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ESPN Website Meltdown – Fantasy to Nightmare

blog image ESPN made news headlines this past weekend – the bittersweet kind. Unfortunately, the news highlighted that ESPN’s fantasy football app was crashing, on the first Sunday of the NFL season. Where’s the “sweet” part? The crash likely signals a huge amount of user popularity.

We see these types of stories often during so-called “surge” events, like when Black Friday takes down a retailer. Why? Often, it’s the database that’s been swamped in the process.

The application-to-database connection is fragile, because applications have to directly tie into the database and the coding of the app must match the database infrastructure. For example, if the database has multiple database servers that can all respond to an inbound request, the application needs to know which type of server to send its request to. While those changes can ensure a better response time, the work isn’t trivial – a programmer must go through 100s of 1000s of lines of code to program how to handle reads vs. writes – and it can lead to errors.

Any recent changes by ESPN to increase database capacity or update the app could jeopardize that fragile connection. If ESPN recently modified the application to talk to different database servers, for example, the team might have accidentally introduced a “bad” query that the database can’t handle or might have changed how the application talks to the database and broken that connection.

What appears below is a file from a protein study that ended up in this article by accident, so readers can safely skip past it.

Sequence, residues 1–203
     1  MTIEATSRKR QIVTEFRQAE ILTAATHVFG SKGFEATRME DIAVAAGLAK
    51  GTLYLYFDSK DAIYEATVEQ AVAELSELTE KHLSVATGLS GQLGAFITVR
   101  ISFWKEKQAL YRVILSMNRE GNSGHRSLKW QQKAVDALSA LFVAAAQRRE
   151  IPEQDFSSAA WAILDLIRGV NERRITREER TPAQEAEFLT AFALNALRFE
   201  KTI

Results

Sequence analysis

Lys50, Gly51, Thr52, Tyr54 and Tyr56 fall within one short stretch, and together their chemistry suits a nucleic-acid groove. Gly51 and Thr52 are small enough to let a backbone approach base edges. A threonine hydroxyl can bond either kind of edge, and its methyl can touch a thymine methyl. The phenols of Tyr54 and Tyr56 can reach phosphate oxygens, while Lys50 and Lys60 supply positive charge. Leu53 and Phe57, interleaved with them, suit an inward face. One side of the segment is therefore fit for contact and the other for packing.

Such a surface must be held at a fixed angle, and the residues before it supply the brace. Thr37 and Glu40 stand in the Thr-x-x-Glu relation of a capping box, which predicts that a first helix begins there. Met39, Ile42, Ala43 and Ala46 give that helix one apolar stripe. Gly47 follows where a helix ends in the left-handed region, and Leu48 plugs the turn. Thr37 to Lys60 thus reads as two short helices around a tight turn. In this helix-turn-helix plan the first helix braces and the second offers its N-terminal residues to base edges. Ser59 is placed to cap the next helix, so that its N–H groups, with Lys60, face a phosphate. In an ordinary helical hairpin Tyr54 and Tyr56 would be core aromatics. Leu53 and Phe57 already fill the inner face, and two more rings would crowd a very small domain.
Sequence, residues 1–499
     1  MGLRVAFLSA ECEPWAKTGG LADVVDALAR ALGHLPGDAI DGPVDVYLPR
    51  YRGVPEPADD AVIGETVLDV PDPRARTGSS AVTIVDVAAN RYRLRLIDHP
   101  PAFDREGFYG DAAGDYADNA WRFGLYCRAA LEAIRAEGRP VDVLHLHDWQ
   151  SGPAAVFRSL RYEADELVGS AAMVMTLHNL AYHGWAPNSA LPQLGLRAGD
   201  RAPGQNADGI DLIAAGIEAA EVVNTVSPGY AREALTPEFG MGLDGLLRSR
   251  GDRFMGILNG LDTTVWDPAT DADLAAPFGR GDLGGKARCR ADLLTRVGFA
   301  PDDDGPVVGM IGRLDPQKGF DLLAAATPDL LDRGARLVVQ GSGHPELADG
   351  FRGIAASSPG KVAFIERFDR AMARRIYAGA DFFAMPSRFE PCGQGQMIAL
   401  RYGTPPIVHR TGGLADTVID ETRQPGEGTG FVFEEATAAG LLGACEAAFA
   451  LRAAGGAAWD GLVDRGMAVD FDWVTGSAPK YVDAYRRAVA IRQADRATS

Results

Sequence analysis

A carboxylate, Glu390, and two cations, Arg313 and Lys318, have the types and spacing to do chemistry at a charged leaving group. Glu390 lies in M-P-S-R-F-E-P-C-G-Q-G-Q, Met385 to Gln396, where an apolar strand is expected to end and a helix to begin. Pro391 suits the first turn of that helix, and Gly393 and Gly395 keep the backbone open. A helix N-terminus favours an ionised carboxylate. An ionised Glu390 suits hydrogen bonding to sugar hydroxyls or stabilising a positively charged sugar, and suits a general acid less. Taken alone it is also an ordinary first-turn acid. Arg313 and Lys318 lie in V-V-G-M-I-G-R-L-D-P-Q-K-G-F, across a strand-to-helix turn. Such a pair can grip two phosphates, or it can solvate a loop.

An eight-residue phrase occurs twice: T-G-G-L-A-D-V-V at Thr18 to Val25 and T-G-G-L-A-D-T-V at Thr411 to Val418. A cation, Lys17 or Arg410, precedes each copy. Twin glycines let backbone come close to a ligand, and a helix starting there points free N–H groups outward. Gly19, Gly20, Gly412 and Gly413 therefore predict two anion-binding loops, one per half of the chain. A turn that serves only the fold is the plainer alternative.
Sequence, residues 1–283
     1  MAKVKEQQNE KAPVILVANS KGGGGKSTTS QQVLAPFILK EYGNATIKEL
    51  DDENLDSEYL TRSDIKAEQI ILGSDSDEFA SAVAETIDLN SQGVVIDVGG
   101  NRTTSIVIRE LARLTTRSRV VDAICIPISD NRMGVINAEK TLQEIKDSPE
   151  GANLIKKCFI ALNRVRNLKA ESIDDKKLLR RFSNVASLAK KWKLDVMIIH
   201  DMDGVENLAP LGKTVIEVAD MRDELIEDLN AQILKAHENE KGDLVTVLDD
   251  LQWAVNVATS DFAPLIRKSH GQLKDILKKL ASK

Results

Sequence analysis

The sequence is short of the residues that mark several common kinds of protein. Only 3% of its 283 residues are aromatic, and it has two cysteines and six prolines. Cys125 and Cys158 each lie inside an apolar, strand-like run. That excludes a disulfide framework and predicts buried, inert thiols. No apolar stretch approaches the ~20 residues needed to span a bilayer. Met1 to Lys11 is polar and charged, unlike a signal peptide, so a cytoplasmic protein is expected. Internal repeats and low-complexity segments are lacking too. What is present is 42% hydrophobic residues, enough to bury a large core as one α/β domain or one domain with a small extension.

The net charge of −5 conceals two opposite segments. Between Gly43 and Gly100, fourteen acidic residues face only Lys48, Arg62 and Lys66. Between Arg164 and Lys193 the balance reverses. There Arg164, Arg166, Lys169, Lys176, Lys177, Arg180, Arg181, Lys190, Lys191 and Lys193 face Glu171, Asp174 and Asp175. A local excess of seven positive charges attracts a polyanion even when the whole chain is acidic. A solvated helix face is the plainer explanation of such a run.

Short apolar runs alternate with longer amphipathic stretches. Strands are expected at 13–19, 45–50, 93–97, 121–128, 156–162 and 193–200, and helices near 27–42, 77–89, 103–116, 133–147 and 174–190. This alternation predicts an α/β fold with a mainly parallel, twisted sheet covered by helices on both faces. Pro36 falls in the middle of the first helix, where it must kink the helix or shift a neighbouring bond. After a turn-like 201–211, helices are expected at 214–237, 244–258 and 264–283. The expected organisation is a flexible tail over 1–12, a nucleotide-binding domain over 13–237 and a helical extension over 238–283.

Organizations that are anticipating a surge in traffic have a number of best practices they should follow to ensure a smooth experience for their customers, including:

  • Freezing code early – Despite the understandable desire to make the app or site as current as possible, it’s essential for engineering to force a code freeze many weeks before the “go live” date. Quality assurance (QA) and other testing needs need adequate time to ensure the updated site or app is working as needed.
  • Load testing – A big part of that testing work needs to come in the form on load testing. After a QA team has performed functional testing – that is, does each feature work – the next step is to see how the code performs when it’s swamped with traffic. The key is to perform this load testing with traffic that’s as close to production traffic as possible.
  • Increasing resiliency at the data tier – The lifeblood of any app or site is data – without, you’re down. To build in resiliency at this layer, organizations need to employ techniques such as database scale out, to have multiple copies of the data available, and database load balancing, to ensure traffic is serviced by the fastest-responding server to the user.
  • Enabling redundancy in all network services – Beyond the data tier, organizations need to make sure the rest of the technology stack has all the redundancy built in as possible. Web server infrastructure, along with web load balancers, are critical, as is network redundancy into both the web farms and the database server clusters. If you’re hosting the app or service in the cloud, ensure a redundant version is available in an alternate cloud region.
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